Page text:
"I think people like to see you make mistakes," guitarist and keyboardist Mike Einziger told the Los Angeles Times this summer. "For me, personally, music's cooler when it sounds like humans are playing."

That's why Incubus stands out from other contemporary rock bands, who usually fall into two categories: miserable metalheads (Korn, Staind, Godsmack) or vanilla post-punkers (Blink-182, Jimmy Eat World).

Incubus, which performs in concert at the Roanoke Civic Center on Thursday, is certainly rooted in the heavy sounds of the 1990s, when four high school buddies first formed the band. But the group has expanded its musical vision on each of its past three releases, especially this year's ‘‘A Crow Left of the Murder.’’

Lead singer Brandon Boyd, who published a collection of writings this year called ‘‘White Fluffy Clouds,’’ explores social and political themes on the new album. Einziger and new bassist Ben Kenney have pushed the music outside the band's former comfort zone of heavy rock into more atmospheric stylings that mix rock, pop and even Eastern sounds. Well-crafted melodies and inspired playing carry the band a long way, especially in concert when it has been known to completely rework popular songs — a definite taboo in the world of studio-molded pop.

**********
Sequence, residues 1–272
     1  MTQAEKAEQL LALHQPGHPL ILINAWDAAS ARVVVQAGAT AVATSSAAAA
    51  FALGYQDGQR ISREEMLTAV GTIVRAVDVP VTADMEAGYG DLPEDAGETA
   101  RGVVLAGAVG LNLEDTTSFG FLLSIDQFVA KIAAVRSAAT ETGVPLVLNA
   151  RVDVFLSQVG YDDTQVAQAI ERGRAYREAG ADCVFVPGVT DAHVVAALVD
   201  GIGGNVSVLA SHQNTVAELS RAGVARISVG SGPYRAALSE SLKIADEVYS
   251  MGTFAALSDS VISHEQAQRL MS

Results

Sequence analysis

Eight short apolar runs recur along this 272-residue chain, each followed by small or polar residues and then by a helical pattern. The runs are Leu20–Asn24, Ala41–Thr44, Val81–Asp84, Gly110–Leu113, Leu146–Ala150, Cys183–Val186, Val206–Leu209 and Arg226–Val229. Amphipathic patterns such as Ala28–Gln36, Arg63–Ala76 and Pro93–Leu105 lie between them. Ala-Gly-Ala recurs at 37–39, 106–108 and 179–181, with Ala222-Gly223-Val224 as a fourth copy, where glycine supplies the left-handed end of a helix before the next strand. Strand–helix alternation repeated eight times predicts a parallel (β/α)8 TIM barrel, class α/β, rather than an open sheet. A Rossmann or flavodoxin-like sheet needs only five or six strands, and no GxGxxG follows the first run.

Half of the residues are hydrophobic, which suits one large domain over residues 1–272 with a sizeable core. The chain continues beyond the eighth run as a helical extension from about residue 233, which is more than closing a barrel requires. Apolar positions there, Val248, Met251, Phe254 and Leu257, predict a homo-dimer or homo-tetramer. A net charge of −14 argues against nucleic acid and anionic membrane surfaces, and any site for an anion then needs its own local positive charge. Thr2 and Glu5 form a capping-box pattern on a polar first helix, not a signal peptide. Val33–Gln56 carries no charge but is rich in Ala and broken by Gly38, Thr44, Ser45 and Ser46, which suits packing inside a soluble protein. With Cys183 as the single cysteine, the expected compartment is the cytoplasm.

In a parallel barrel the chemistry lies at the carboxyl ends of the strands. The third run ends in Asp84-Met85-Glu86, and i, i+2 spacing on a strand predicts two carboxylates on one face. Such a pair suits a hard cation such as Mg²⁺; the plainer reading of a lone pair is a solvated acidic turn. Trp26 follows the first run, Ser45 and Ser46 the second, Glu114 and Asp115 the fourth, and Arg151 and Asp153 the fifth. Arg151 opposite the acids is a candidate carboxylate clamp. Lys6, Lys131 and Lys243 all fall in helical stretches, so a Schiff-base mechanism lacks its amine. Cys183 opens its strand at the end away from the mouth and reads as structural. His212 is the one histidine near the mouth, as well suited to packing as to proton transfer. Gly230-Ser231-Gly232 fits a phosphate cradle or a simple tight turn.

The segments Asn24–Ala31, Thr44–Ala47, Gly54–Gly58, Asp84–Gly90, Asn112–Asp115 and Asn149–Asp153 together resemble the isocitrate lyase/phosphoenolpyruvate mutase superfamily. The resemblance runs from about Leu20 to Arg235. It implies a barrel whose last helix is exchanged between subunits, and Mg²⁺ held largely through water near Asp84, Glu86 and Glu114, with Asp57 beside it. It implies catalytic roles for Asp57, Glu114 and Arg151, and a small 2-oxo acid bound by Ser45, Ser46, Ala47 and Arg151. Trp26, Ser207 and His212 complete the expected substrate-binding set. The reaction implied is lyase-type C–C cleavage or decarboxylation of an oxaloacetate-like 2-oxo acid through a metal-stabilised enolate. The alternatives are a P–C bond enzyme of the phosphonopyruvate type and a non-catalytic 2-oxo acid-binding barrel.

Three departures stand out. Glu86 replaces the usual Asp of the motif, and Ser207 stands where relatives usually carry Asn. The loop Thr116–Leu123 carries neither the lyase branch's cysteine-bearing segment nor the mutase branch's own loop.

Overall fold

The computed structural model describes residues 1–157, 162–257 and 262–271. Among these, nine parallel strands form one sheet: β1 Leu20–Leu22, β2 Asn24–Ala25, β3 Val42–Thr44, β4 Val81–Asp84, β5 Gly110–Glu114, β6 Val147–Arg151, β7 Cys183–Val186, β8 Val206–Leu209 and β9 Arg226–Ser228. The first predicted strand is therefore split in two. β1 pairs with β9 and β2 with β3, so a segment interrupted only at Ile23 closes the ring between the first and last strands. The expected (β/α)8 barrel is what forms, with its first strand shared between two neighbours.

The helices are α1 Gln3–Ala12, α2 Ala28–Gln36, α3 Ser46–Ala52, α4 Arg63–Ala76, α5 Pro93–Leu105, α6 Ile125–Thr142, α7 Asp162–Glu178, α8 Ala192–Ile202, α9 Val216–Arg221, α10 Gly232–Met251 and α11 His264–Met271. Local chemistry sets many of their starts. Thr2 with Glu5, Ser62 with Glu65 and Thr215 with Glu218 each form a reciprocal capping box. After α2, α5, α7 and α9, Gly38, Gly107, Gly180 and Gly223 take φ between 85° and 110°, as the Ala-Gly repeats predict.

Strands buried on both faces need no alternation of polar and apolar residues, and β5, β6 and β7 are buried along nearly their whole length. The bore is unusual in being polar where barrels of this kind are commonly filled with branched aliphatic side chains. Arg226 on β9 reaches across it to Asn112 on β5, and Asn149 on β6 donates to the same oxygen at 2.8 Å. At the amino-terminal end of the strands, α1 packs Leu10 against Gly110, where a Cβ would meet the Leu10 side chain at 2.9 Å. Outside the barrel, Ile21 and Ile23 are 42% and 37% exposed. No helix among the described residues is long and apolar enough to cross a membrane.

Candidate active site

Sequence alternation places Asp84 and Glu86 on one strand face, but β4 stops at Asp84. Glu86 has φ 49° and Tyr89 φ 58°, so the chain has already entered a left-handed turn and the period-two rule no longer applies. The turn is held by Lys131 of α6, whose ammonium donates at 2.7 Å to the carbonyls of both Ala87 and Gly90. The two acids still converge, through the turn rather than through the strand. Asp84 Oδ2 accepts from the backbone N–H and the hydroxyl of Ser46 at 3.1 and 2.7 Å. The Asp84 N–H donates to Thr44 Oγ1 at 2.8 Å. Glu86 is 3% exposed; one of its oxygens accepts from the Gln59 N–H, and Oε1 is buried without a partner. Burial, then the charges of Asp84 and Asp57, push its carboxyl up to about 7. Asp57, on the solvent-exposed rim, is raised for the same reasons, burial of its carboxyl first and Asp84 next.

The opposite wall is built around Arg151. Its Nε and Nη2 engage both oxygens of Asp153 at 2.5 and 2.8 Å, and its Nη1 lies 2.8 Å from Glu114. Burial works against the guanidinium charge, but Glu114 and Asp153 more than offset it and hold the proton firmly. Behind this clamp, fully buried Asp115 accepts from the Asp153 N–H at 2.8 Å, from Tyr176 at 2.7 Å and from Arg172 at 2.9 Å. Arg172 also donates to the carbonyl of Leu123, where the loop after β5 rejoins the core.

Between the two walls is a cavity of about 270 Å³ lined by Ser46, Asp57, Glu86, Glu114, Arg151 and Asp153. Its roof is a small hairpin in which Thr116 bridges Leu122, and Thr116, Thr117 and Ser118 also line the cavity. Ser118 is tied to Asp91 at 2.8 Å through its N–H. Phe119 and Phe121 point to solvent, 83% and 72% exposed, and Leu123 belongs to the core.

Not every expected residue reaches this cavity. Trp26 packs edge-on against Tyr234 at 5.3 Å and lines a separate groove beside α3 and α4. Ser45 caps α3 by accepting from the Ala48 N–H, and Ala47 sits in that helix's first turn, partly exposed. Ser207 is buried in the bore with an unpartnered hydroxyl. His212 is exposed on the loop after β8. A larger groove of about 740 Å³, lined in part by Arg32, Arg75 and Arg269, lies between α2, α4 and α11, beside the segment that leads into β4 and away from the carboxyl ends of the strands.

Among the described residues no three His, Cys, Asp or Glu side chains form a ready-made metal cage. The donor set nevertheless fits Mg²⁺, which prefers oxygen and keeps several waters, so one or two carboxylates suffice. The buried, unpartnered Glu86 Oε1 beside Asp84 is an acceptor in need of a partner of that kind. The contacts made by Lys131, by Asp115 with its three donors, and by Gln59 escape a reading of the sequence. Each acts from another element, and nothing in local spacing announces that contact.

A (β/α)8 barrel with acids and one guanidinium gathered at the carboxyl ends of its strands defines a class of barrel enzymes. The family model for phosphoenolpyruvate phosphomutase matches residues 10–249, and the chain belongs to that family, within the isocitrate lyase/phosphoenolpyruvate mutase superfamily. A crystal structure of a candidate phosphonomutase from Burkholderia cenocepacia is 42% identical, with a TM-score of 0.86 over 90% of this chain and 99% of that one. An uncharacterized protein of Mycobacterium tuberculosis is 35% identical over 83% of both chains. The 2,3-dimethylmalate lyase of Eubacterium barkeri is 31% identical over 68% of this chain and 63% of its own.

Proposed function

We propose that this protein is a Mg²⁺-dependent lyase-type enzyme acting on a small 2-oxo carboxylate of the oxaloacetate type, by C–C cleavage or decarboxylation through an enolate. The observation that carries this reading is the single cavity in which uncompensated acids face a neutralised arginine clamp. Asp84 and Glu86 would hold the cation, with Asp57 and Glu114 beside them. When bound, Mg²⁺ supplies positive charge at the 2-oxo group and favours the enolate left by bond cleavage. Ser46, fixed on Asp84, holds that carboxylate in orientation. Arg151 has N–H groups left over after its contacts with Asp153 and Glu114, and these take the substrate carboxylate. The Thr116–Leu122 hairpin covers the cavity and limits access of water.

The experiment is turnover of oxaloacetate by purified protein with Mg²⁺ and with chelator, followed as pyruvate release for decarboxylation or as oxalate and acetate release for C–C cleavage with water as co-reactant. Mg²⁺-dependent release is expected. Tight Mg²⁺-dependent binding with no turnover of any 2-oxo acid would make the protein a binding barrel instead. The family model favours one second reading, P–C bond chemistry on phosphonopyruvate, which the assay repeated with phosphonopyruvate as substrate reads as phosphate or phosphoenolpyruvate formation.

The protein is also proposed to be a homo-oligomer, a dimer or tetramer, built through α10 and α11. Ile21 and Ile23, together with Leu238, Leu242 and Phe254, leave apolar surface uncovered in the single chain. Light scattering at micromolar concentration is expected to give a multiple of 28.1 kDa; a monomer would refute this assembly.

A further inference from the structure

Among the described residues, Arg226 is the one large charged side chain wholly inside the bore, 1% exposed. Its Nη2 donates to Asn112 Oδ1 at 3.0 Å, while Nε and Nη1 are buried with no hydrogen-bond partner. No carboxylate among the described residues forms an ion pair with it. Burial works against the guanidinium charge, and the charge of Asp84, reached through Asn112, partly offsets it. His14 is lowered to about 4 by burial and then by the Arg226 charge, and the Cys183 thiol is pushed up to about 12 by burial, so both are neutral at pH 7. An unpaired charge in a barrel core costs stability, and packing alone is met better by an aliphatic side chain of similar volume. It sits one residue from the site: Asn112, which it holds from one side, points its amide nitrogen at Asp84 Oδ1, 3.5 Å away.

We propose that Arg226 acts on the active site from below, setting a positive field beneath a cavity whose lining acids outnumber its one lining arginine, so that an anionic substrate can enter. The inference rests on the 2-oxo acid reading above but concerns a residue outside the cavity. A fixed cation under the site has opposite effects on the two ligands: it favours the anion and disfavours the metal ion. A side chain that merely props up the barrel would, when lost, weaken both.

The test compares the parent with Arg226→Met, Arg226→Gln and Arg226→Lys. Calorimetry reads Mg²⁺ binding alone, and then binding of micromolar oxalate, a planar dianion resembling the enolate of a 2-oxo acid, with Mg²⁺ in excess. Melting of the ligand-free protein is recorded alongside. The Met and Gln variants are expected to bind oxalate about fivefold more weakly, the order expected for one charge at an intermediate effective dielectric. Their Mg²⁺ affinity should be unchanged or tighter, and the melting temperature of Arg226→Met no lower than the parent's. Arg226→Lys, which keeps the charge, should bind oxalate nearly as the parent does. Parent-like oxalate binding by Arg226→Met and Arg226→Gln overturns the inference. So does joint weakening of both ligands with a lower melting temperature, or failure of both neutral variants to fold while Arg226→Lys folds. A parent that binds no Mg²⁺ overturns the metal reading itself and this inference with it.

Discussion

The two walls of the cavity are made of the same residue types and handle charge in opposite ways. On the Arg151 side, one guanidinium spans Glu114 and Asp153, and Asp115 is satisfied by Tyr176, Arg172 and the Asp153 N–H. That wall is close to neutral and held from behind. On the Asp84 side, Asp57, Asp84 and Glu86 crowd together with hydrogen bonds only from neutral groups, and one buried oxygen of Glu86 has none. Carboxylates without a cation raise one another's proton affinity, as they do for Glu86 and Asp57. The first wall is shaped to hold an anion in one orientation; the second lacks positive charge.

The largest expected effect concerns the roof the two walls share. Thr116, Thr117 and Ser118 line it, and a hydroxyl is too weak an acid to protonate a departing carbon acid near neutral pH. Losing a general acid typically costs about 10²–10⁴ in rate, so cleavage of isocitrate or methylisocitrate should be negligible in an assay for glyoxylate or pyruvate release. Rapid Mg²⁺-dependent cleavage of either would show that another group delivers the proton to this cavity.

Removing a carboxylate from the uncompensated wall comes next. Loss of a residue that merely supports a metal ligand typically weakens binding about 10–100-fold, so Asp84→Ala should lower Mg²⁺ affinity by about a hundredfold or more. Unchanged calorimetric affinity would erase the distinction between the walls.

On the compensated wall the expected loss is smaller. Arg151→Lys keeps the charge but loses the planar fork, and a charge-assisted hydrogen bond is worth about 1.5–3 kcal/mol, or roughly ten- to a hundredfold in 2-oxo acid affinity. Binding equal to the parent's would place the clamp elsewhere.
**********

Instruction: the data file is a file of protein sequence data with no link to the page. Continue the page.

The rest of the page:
When Incubus played at the Roanoke Civic Center two years ago, band members surprised the audience with an acoustic rendition of their big hit ‘‘Pardon Me.’’

Still, the group retains a hard-rock edge, especially on the scathing ‘‘Megalomanic,’’ which bashes power-hungry politicians and oil barons. Like the rest of the album, the song powers along with punk-inspired fury rather than plodding at grunge speed.

"I was really bored with it," Einziger told the Los Angeles Times when recalling the midtempo beats of the previous albums. "Most of the songs off our last two records, 'Make Yourself' and 'Morning View,' a vast majority of the songs fell into the same tempo, the same beats, the same song structures. It was something that I really, really wanted to get away from."